The Palestinian victim of a hate attack in Jerusalem last week was released from hospital on Thursday, as Israeli police carried on a probe into the violence which nearly cost the teenager's life.
A spokeswoman for Hadassah Ein Kerem hospital told AFP that Jamal Julani, 17, was released since his condition was satisfactory.
Julani and three cousins, residents of Israeli-annexed Arab east Jerusalem, were attacked by dozens of Israeli youths early last Friday in Zion Square in Jerusalem's busy bar and entertainment district.
Press reports said hundreds of onlookers failed to intervene. After the attack, Julani was rushed unconscious to hospital.
Police spokesman Micky Rosenfeld told AFP that eight suspects have so far been detained, seven aged between 13 and 17 and one 19-year-old.
One of two female suspects has been released to be kept under home arrest, while the others remain in custody as the police investigation continues, Rosenfeld said.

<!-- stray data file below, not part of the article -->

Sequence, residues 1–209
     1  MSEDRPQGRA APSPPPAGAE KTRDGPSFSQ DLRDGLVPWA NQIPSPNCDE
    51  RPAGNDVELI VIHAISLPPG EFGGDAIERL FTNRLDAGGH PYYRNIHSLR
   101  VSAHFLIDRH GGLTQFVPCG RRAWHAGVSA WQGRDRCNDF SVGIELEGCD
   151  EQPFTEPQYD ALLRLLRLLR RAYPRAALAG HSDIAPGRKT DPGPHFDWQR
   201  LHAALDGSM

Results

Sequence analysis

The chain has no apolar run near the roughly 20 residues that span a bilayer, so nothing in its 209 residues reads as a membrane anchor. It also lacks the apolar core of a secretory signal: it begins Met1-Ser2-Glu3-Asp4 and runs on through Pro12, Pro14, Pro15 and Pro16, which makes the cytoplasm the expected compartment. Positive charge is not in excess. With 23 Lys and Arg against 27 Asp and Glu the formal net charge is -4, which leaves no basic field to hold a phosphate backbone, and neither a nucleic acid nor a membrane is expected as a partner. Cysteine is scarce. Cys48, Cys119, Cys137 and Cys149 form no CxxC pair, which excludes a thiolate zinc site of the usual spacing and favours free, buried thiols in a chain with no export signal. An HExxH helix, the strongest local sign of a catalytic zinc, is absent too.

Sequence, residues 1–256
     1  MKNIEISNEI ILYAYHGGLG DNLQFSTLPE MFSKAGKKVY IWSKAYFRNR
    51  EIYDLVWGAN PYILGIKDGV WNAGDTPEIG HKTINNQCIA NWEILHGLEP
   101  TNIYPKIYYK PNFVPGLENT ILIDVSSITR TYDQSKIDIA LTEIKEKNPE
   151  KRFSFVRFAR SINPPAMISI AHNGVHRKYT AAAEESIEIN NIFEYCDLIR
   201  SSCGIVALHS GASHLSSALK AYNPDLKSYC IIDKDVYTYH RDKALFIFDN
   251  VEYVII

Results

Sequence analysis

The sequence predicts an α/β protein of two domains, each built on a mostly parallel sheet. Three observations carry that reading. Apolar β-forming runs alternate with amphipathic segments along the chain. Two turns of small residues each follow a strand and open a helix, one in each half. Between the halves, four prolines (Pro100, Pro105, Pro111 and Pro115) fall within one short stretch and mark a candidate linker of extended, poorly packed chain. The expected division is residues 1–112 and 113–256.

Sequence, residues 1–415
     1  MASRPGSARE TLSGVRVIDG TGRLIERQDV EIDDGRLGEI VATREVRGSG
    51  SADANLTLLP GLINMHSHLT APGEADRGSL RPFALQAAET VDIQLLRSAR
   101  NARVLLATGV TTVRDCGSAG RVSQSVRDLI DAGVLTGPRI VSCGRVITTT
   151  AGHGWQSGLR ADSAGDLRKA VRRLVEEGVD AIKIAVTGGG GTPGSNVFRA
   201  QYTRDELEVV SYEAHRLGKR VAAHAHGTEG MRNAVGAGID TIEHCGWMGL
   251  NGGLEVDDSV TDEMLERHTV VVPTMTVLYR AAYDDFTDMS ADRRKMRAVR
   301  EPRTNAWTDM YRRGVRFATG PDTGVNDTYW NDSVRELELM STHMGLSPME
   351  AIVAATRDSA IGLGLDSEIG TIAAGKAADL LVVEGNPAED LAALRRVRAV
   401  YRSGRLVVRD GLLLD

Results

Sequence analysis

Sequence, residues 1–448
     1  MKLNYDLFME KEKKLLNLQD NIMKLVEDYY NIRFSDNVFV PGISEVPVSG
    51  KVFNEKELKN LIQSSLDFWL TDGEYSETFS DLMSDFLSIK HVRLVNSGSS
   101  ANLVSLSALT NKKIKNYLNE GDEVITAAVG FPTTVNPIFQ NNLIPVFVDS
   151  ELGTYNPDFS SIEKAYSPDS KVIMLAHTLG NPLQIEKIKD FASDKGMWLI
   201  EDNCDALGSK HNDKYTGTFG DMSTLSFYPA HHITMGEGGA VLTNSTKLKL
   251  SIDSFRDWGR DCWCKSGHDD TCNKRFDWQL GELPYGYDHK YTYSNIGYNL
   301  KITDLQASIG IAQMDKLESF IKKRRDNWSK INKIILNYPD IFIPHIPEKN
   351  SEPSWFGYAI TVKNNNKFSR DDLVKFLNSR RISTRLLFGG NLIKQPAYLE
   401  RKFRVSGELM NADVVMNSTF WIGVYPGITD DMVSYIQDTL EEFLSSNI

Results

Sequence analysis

"Further arrests will be made," he added.
Prior to leaving hospital, Julani was visited by Israel's parliamentary speaker Reuven Rivlin, who apologised for the unchecked racial violence in Israel.
"I came in the name of the state of Israel to apologise and express my anger over what happened," he said.
"This evil comes from insufficient education. Unfortunately, more and more youth think that hate and racial violence are permissible," said Rivlin.
"Up until today, we looked the other way, we said it's marginal youth, it will pass, we paid lip service. But it is time to stop blurring things," his office quoted him as saying.
"The writing was on the wall for a long time and the letters are aflame with fire that can burn us all. We -- the government, Knesset (parliament), the education system -- are responsible," said Rivlin.
On Tuesday, Prime Minister Benjamin Netanyahu condemned the attack as a combination of "racism and violence" which the Jewish state would not tolerate.
President Shimon Peres said he was "full of shame" over the incident, and Education Minister Gideon Saar ordered that classes and discussions on the attack be held in schools next week.